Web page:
Was watching Hardball, or something of the sort, and during a break Walmart aired a commercial that struck me. It featured several children, and each wanted something for Christmas. “I want a dinosaur,” etc. At the end, it flashed to a “mother” of the children, who stated, “This Christmas, I want my children to follow their imaginations.” Brilliant advertising, especially to any children who happened to be watching, as it empowers them to demand that their parents buy them shit. It is yet another example of what Juliet Schor wrote about in her book Born to Buy.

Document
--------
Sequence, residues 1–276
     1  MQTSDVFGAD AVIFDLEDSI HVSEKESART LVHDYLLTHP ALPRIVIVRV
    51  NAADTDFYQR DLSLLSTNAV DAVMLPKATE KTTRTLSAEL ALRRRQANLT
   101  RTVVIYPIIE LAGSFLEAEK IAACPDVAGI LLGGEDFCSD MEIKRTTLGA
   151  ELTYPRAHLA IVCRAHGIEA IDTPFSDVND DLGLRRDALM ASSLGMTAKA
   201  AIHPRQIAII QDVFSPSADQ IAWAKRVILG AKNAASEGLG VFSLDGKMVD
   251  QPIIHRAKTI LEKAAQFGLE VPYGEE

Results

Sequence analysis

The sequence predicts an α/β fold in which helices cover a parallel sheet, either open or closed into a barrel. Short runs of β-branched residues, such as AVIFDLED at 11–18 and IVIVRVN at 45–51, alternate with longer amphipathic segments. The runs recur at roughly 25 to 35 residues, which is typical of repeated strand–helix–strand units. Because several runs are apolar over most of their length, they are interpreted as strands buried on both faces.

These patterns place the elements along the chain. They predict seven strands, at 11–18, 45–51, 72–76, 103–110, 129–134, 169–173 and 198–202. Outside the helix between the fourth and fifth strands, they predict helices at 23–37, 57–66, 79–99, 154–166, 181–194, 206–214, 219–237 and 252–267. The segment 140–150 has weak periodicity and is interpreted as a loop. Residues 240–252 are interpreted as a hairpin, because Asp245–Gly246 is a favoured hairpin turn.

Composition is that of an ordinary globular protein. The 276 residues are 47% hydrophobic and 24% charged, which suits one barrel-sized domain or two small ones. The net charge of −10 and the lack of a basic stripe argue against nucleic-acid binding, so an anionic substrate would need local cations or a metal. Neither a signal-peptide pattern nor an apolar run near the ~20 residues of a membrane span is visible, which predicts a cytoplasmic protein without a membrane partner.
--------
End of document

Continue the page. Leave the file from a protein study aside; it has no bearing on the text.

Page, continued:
What’s interesting to me in this case is the reduction of a child’s imagination to their ability to isolate particular consumables and then nag their parents to buy it for them. In a way, we might see this as symbolic of the consumer society as a whole, where as individuals or as society our imagination becomes an instrument of desire. The end served by our imagination is the purchase of the commodity, to direct the brain accordingly. Rather than imagining a better politics, we imagine what life would be like with a shiny new laptop. We’re all guilty of this, myself included (just purchased a shiny new laptop), but it is disturbing to see the effect on someone so young. That the child’s imagination is not soaring through a book but imagining the euphoria of possessing a commodity is a danger to a society that seeks to be more than an aggregation of individual consumers.